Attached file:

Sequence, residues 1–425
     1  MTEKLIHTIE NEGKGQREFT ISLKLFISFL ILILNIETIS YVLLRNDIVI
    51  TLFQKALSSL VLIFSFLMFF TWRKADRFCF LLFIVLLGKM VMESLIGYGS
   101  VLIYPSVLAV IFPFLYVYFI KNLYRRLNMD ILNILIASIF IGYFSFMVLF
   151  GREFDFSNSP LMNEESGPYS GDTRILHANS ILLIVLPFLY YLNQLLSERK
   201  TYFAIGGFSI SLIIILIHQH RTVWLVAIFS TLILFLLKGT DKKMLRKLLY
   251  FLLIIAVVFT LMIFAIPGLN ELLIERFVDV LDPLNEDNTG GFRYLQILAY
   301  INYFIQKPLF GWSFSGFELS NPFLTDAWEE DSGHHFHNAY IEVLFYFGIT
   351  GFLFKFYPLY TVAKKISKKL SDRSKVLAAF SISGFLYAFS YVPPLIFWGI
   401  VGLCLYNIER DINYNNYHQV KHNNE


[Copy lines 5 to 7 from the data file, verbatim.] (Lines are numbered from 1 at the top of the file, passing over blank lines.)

   151  GREFDFSNSP LMNEESGPYS GDTRILHANS ILLIVLPFLY YLNQLLSERK
   201  TYFAIGGFSI SLIIILIHQH RTVWLVAIFS TLILFLLKGT DKKMLRKLLY
   251  FLLIIAVVFT LMIFAIPGLN ELLIERFVDV LDPLNEDNTG GFRYLQILAY